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We're writing an open source tool that is designed to work against multiple database products (really, it's designed to work with any database that has a JDBC driver available). However, because it does DDL (not DML), we need to test against different products.

While MySQL, PostgreSQL and other open source db's are easy for us to test on (since we - the developers - all use these daily), testing those products is easy. But, finding different installations of other, commercial database products is a different story.

Does anyone know of a "database sandbox", or similar service that would allow us to test code against multiple database products without having to buy and install them?

Thanks in advance!

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2 Answers 2

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I don't know of such a service but it may well be worthwhile contacting some of commercial vendors as it is often in their interests to have interoperability with open source libraries. The other way to approach it would be to find a company that would like to use your tool with one of the commercial db's (because they are already tied to that vendor in-house) and ask them if you can get access or spend some time in their office. This is an approach I used when developing a Continuous Integration tool which needed to work with different commercial source control systems and it worked surprisingly well.

You may also want to get in touch with open source orgs like Codehaus or Apache as they have established open-source links with commercial vendors and may be able to give you access to the DBs you need.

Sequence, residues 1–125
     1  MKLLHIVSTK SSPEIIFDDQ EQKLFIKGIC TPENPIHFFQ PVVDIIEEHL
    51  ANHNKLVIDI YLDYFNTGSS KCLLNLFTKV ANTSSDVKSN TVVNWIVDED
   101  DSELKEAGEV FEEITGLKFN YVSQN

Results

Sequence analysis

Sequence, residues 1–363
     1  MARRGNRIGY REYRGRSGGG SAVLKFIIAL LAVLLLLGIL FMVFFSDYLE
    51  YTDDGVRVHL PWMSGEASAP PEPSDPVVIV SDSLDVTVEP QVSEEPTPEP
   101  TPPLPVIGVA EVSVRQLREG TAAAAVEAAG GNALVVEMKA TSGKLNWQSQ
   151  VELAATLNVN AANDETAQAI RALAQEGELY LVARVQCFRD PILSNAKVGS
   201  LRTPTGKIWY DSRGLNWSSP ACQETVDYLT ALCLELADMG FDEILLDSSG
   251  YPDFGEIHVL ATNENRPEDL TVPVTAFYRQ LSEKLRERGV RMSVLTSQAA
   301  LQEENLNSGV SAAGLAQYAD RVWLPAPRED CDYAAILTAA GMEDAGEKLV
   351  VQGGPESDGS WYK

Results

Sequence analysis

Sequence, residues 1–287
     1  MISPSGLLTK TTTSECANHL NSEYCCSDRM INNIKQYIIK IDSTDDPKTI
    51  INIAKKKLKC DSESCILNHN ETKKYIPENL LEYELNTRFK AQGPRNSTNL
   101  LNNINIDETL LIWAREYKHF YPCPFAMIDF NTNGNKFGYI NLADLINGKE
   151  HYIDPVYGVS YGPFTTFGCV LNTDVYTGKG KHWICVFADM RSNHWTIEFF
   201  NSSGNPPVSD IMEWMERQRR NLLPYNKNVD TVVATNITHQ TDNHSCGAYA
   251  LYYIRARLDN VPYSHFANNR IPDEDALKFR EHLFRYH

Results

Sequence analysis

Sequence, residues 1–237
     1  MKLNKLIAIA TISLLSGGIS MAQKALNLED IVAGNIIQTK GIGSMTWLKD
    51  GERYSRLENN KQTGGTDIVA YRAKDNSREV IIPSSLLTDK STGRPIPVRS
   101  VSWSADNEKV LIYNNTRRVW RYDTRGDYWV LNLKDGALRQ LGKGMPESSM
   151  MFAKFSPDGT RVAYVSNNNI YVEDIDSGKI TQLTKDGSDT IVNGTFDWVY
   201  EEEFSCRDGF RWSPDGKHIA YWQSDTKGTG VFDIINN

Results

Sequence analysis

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You may want to use an ORM, such as Hibernate, or some other open-source ORM, as those will be tested on different databases, and you can then develop knowing that all you have to do is unit test the DAO, but not be so concerned about the different databases.

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This approach works great for standard DML statements, but once you start using native SQL (which is required for DDL statements), you can no longer rely on Hibernate to abstract that stuff away. In general though, you're right - using an ORM would definitely remove a lot of the testing required. –  Todd R Sep 26 '09 at 15:18
In a recent project where we used entity-attribute-value tables it was heavy in tsql and very light on DLINQ as dynamic queries where the norm, but it also wouldn't be easy to move to a new database. I checked that the assumption to not support other databases was correct. –  James Black Sep 26 '09 at 15:28

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